Paddington 2 – Film Review by David Minogue
Director: Paul King
Writers: Michael Bond (“Paddington Bear” created by), Jon Croker (additional material, Paul King & Simon Barnaby
Cinematography by Erik Wilson
Stars: Ben Whishaw, Hugh Bonneville, Sally Hawkins, Hugh Grant, Julie Walters, Jim Broadbent, Peter Capaldi, Brendan Gleeson, Joanna Lumley, Tom Conti
In 1956, Michael Bond wrote his book A Bear Called Paddington. It was published in 1958 and was the first of over twenty books written about the little bear that travels from deepest, darkest Peru to London. In the 1970s, Bond was the producer for the adaptation of his books to television and other series were made in the following decades. In 2014, elements of the book series were used when it was adapted for cinema by Paul King who also wrote the screenplay. It was produced by David Heyman who had previously adapted the Harry Potter books for the big screen. Paddington was a huge financial success grossing $268 million at the international box office and was also nominated for Best British Film and Best Adapted Screenplay awards at the BAFTAs. The computer animated Paddington was originally to be voiced by Colin Firth but he dropped out of the production and was replaced by Ben Whishaw who returns for this sequel. The first film established how Paddington was discovered in Paddington station by the Brown Family and came to live at their home in Windsor Gardens. Most of the actors from the first film return for the sequel including Hugh Bonneville as Henry Brown, Sally Hawkins as his wife Mary and Julie Walters as Mrs. Bird. At a morning family breakfast in an early scene of the film each of the Brown Family are cleverly given an individual character development detail that is used at later points within the storyline.
The basic plot of this new film is that Paddington wishes to send his Aunt Lucy (voiced by Imelda Staunton) a special present for her 100th birthday back in Peru. This present comes in the form of a pop-up book of landmarks of London which he discovers in Mr Grubers (Jim Broadbent) Antique shop. The book is very expensive and Paddington attempts a number of jobs in order to save up to buy it. This sets in motion the well-meaning haphazardness that defines Paddington as a character. The book goes missing and Paddington is blamed and then he and the Browns have to try to prove his innocence.
The entire film creates the kind of London that tourists long to see when they visit it for the first time. There is a wonderful scene where Paddington imagines himself and Aunt Lucy wandering around London within the pop-up book. Each of the landmarks in the book become part of the plot and they are all filmed or digitally recreated beautifully, especially in the use of overhead shots. The enclave of Windsor Gardens that the Browns and their neighbours live in is straight out of the Who Will buy? scene in Carol Reed’s 1968 screen musical of Oliver! There is a wonderful vibrancy throughout the film especially in the production design by Gary Williamson and the cinematography by Erik Wilson.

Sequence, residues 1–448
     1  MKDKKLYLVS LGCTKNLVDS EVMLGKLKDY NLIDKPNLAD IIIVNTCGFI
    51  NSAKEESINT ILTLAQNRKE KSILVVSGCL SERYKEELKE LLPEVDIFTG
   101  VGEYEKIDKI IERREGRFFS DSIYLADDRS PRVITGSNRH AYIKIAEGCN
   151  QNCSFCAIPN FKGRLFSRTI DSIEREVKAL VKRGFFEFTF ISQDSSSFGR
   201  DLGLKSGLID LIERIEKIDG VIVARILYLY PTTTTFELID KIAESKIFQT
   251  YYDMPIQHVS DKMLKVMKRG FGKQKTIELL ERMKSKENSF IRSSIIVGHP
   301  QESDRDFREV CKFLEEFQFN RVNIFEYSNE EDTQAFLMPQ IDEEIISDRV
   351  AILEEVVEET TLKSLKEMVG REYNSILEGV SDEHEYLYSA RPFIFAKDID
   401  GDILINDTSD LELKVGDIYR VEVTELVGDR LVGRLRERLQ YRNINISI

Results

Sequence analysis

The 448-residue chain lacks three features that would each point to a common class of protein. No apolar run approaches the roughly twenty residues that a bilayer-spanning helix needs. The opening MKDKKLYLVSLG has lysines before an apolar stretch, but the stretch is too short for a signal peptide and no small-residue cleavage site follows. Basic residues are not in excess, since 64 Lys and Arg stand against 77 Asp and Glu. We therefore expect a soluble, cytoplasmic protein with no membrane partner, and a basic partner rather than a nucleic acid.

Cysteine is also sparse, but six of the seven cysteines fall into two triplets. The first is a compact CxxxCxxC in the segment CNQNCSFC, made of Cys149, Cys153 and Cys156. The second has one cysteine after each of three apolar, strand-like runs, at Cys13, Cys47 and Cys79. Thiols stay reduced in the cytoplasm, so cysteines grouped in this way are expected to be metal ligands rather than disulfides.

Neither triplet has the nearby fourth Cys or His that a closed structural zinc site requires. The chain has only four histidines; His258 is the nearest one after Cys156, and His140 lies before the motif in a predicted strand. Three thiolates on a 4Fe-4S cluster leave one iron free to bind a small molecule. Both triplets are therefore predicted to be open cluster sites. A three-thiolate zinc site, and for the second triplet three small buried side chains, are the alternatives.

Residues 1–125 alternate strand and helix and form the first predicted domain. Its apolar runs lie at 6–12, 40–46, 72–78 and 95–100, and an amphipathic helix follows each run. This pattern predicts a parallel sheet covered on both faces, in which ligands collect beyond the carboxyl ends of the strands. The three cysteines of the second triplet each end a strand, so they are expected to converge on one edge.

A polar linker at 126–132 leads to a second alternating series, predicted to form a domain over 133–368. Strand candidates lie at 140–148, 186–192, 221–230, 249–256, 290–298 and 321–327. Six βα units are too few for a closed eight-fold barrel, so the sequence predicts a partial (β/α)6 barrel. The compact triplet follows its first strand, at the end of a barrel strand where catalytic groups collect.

Not every sequel features most of the cast and the crew from the original film. Paddington 2 greatly benefits from the inclusion of each returning actor and crew personnel. It also features several new characters including Hugh Grant as Phoenix Buchanan who was once a famous actor who now makes a living from appearing in dog food commercials. His defining characteristic is his glorious vanity and it provides much of the humour throughout the film. His performance is essentially a great homage to the comedy actors of early British cinema and theatre. Grant is by far the best of the newer characters but just as good is Brendan Gleeson as a prison chef called Knuckles McGinty. Brendan Gleeson, Julie Walters and Jim Broadbent are stars who also appeared in various Harry Potter films. This film has a similar style and structural design that made those films great family cinema particularly in a sequence involving a steam train. It also features cameos from Tom Conti as a gruff judge and Joanna Lumley as a theatrical agent who even uses a line of dialogue from her Absolutely Fabulous character Patsy.
Even though Paddington 2 has no direct references to Christmas it feels like an ideal film for the winter months and will be a big success here in Ireland and especially in the UK. It doesn’t open in the U.S. until January. The film is dedicated to Michael Bond who passed away in June of this year. It is a great tribute to him and the wonderful character of Paddington that he created over 60 years ago.
Junior Reviewers Corner –
Here, we see some pictorial reviews of Paddington from our crack team of junior reviewers. It rated highly amongst them receiving one five star review and one 10 out of 10!